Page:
(Note: I wrote this roughly 10 years ago, when both sons would have been grade-schoolers.)
For a change of pace from the math workbooks one morning, we held a Measurement Day. With rulers and tape measures in hand, my boys chose items and distances to measure. From Ben’s big toe to the length of the house, they recorded all kinds of numbers on their charts.
Of course, their ideas exceeded what we could reasonably do. Matthew wanted to calculate the height of our house from basement floor to sharply peaked roof (I think he really just wanted to climb the extension ladder). Ben wanted to measure the distance from the grass to the sky.
In the Bible, God uses mind-boggling measurements to convey the immeasurability of His ways, His thoughts, His mercy.
They are described by the degree of difference between earth and heaven. The quality of heaven as compared to earth — its perfection, purity, brightness, joy — exceeds all earthly computation.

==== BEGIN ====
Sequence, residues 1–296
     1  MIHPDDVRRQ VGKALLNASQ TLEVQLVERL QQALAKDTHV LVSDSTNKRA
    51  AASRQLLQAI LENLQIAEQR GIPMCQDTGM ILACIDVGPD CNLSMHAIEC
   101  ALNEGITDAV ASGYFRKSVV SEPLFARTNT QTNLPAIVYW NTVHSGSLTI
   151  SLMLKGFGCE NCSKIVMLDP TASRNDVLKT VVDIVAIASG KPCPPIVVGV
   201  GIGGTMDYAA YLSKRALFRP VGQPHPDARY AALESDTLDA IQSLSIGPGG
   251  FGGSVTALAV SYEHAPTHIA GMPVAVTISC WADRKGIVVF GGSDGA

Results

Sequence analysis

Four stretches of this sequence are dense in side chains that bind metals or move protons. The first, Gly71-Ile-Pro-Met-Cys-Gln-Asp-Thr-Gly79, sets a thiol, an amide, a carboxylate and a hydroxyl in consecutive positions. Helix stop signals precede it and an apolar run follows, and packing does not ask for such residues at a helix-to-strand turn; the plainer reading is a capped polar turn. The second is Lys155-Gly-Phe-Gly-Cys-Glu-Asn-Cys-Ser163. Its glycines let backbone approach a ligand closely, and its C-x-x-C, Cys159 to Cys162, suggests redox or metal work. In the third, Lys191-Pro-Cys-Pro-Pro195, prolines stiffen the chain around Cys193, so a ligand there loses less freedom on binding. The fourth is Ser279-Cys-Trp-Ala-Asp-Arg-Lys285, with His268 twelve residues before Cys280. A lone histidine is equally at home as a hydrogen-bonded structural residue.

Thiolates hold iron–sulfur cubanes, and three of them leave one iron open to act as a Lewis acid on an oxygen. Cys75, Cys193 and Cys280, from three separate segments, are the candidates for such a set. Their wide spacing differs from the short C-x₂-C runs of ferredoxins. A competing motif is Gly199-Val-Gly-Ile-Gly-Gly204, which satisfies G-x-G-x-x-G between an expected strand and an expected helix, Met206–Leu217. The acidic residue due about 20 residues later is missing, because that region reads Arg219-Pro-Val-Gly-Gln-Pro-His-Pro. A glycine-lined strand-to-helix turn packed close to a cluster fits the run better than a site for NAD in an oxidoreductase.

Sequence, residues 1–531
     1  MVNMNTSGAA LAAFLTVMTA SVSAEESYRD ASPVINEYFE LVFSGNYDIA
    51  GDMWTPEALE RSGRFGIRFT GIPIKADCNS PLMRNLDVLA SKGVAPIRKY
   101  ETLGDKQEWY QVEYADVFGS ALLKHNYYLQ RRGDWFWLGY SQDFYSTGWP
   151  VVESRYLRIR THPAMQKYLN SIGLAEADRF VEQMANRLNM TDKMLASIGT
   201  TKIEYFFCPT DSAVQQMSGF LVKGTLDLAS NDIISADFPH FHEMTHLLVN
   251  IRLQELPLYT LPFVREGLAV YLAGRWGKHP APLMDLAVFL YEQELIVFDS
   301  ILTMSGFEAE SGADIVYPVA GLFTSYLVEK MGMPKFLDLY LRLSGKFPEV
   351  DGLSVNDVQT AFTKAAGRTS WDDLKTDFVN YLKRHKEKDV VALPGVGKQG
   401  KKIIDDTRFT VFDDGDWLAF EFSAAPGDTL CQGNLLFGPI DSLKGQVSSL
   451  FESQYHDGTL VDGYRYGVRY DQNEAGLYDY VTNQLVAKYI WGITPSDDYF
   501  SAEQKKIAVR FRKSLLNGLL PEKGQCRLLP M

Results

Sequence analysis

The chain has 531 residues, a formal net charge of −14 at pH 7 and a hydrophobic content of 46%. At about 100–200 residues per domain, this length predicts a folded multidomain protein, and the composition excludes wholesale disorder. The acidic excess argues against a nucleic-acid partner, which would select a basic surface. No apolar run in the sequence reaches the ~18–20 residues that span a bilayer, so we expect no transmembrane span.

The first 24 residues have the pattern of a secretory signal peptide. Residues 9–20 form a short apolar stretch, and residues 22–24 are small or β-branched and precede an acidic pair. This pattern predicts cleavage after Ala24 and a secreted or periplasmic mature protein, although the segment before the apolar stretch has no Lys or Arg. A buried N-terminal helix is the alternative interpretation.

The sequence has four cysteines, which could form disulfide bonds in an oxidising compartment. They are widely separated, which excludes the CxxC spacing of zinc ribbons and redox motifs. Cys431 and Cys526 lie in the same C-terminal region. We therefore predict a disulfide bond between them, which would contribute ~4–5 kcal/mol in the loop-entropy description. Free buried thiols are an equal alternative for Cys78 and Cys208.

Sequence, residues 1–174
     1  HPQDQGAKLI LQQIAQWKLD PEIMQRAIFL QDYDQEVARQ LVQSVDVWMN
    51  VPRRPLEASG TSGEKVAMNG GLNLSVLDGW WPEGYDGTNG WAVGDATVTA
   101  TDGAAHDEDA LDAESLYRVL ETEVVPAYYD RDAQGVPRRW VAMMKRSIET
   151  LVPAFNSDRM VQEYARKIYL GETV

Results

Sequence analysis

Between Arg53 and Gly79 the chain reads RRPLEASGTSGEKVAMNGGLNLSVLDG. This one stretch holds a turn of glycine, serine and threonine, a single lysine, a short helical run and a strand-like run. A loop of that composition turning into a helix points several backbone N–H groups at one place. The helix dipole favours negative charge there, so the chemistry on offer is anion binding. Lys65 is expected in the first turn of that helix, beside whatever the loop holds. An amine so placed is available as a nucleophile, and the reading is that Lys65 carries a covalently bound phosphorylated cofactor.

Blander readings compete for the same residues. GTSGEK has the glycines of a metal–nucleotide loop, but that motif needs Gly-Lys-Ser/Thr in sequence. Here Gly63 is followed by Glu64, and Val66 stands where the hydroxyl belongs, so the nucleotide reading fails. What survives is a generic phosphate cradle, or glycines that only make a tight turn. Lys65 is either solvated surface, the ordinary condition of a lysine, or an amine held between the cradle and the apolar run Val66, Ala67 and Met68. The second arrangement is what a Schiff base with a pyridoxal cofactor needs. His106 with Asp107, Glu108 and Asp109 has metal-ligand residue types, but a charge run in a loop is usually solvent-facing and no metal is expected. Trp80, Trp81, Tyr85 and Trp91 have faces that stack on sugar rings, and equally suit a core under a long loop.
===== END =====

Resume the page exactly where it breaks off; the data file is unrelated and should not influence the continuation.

When it comes to God’s ways, this gap between earth and heaven is an insurmountable obstacle: we simply cannot get there from here.
“Can you search out
the deep things of God?
Can you find out the limits
of the Almighty?
Their measure is longer than the earth
and broader than the sea.”
~ Job 11:7-9 ~
As my mind struggles with wanting to understand God’s mind, He reminds me that I cannot comprehend His size. Seeking to understand His thoughts is like trying to figure the distance between the grass and sky using Ben’s school ruler. What I can know is what God has already given me to know — in Christ and in His Word.
God makes it clear to me that His ways are far beyond my comprehension — then, He calls me to comprehend the immeasurable dimensions of His love!
Instead of making sense of His ways, God wants me to understand His love — that vast mercy which fills the chasm between heaven and earth.
As great as the difference is between my own thoughts and the thoughts of a holy, Almighty God, so great is His love toward me. To better comprehend that love of Christ, which surpasses knowledge: that is my prayer.